November 1st, 2021
What do we know about the state of fluoride need in humans? Do we need it for adequate teeth mineralization? Can we do well without it?
Fluoride is a form of the element fluorine on the periodic table of elements. It is found naturally in rock that over time leaches into water as the primary source of our exposure.
Let us first look at the deficiency state: "In humans, the only clear effect of inadequate fluoride intake is an increased risk of dental caries (tooth decay) for
individuals of all ages. Epidemiological investigations of patterns of water consumption and the prevalence of dental caries across various US regions with different water fluoride concentrations led to the development of a recommended optimum range of fluoride concentration of 0.7-1.2 milligrams/liter (mg/L) or parts per million (ppm); the lower concentration was recommended for warmer climates where water consumption is higher, and the higher concentration was recommended for colder climates. Recently, the US Department of Health and Human Services recommended that all community water systems adjust the fluoride concentration to 0.7 mg/L, as more "recent data do not show a convincing relationship between fluid intake and ambient air temperature" (5). This recommendation was made in an effort to reduce the risk of dental fluorosis and in light of the widespread availability of fluoride from other sources, including fluoride-containing oral-care products (6). A number of studies conducted prior to the introduction of fluoride-containing toothpastes demonstrated that the prevalence of dental caries was 40% to 60% lower in communities with optimal water fluoride concentrations than in communities with low water fluoride concentrations (7)." (Linus Pauling Link)
I think that humans living in the natural world would have evolved to obtain fluoride that is readily attainable, i.e. in water and/or food naturally, if it was profoundly necessary or essential for all of us. Otherwise, we would have evolved to not need it through some biochemical mechanism. Thus, it makes me wonder if the fluoride need is now an artificial human construct to compensate for our lifestyle choices that affect tooth enamalization, i.e. the excess consumption of sugar. (hypothesis) Sort of like the need for statins to prevent diet induced heart disease.
How does fluoride work to prevent caries? Fluoride acidifies the oral cavity through the formation of hydrogen fluoride bonds which enter the bacterial cytoplasm which inhibits bacterial metabolism by inhibiting vital bacterial enzyme. The hydrogen fluoride lowers the local pH making bacteria consume more energy to maintain a balanced acid base status thus leaving less resources for replication and growth. There inefficiency in growing thus allows for less consumption of sugars that we consume causing the reduction in bacterial acid production that directly damages tooth enamel. (Aoun et. al.2018 ) The bacteria that are allowed to thrive on the tooth and gingiva in the absence of quality oral food consumption and/or fluoride will form a biofilm that is dynamic and capable of producing copious amounts of carbohydrate metabolized acid that slowly degrades the tooth enamel over time.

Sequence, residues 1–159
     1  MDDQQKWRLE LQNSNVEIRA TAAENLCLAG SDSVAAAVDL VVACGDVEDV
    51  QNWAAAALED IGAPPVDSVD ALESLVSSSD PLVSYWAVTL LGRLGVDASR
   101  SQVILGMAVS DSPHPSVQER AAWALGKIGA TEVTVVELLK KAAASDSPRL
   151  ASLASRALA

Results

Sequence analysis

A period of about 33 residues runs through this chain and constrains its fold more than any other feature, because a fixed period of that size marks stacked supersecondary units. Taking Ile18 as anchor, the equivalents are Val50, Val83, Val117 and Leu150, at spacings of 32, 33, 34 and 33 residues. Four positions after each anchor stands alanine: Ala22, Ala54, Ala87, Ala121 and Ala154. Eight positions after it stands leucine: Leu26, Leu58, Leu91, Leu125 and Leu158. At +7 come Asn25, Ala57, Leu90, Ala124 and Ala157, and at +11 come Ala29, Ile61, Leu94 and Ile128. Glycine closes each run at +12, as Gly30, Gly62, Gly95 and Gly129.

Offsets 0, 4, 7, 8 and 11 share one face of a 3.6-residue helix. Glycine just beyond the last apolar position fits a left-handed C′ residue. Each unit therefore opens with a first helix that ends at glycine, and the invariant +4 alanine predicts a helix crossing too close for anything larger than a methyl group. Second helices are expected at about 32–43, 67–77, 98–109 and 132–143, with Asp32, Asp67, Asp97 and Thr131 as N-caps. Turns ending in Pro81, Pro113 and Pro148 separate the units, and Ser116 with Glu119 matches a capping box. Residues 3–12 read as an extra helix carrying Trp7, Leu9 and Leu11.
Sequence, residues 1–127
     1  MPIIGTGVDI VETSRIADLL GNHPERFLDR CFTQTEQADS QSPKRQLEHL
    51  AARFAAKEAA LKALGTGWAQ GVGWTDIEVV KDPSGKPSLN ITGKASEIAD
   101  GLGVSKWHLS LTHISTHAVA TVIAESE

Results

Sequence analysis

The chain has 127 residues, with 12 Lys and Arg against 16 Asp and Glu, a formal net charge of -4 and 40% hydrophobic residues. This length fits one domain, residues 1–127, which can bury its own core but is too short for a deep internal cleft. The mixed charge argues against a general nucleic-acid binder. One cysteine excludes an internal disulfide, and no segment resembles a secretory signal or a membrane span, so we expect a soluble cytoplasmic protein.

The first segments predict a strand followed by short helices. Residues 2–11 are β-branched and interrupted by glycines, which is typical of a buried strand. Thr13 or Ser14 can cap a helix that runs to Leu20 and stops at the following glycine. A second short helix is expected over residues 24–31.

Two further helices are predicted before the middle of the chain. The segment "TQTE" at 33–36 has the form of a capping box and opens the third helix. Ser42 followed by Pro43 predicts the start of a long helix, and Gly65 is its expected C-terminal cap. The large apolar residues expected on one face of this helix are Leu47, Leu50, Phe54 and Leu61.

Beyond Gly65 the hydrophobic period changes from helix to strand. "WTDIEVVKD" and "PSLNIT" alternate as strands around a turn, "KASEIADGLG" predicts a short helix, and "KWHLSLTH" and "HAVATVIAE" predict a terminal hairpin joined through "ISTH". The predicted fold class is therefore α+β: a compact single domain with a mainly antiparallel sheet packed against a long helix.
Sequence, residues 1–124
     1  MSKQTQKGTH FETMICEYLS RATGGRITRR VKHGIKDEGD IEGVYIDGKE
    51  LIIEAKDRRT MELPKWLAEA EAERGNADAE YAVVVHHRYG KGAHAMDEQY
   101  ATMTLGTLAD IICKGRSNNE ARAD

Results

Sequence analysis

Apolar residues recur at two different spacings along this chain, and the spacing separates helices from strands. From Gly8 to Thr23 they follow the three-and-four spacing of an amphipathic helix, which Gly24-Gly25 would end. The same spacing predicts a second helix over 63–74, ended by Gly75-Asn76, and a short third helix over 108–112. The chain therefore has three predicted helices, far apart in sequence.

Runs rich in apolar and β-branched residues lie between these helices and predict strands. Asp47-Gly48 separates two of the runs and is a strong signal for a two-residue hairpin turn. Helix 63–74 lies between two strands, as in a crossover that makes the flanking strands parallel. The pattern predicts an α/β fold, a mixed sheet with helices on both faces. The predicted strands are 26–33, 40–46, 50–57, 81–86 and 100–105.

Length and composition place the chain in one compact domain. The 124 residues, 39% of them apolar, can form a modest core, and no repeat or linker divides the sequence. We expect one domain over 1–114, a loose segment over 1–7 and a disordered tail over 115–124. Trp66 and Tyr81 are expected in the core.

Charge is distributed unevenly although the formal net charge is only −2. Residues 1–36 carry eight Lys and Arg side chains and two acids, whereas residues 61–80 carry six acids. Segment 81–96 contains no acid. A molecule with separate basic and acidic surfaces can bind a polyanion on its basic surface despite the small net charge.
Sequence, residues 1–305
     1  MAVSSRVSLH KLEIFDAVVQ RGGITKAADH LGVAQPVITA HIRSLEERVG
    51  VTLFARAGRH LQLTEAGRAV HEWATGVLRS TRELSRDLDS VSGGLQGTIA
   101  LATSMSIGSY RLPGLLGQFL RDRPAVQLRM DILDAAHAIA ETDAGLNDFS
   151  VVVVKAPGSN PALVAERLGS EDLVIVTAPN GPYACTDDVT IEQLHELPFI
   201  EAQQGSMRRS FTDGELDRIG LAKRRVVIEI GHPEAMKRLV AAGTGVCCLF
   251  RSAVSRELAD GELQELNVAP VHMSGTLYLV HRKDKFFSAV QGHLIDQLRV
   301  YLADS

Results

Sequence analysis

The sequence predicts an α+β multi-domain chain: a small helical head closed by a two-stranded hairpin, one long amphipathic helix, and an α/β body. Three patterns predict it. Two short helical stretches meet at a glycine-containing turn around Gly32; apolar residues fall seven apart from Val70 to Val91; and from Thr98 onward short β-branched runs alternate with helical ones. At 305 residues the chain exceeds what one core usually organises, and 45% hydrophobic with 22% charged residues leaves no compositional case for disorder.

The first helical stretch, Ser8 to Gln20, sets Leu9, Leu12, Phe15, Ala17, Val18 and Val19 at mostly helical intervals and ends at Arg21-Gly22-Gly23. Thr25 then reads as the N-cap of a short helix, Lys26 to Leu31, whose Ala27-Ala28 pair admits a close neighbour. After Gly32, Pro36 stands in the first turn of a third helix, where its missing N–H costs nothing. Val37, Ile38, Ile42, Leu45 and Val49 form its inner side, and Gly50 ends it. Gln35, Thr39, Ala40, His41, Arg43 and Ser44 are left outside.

The big issue with fluoride remains a two tired problem of risk and need. 1) If a child is allowed to consume large volumes of sugar based beverages, including milk, as well as sugar based foods, then fluoride topical and paste needs will climb rapidly. 2) conversely, a child that has none of these antecedent risk caries promoters is unlikely to have significant need for fluoride.
Fluorinated water has significantly less appeal for me now that children are receiving frequent dental fluoride varnish applications at our office and also at the dentist as they age. As a population health based initiative, topical fluoride applications appear to be the best decision moving forward by reducing any risk of toxic ingestion and/or chronic exposure via water that is very hard to control intake quantity. This thought is not in line with current recommendations for water fluoridation, however, we have not been applying fluoride topically to a child's oral cavity for decades thus making the dynamic change in thought based on current events.
Flouride appears very safe unless young children use fluorinated toothpaste and swallow the contents either directly or while brushing. The other issues comes when drinking water has excess levels of fluoride in it which is very rare or when people over consume fluorinated water. Most of the industrialized world does not put fluoride in the water system and some are removing excess levels when naturally found. The US has fluoride in over 50% of municipal water systems. See below for toxicity.
If you have a well, levels of 0.7 mg/liter are associated with good tooth health. If your level is above 4 mg/L multiple times, it behooves you to install a water filter capable of removing the fluoride back down to tolerable levels.
However, getting back to my earlier statement above about evolution. It makes dramatically more sense to me that direct fluoride applications to the tooth for those that abuse their teeth via excess carbohydrate consumption , especially while young, should be our policy. It is highly likely that all kids should receive this therapy, although, I am unconvinced that most healthy eaters and drinkers need it. Gross fluoridation of all water sources is less sensical to me as we evolve to provide better medical care for the more marginalized Americans among us.
For more on dental care see this newsletter from a few months ago: Link
Clean teeth are a good thing,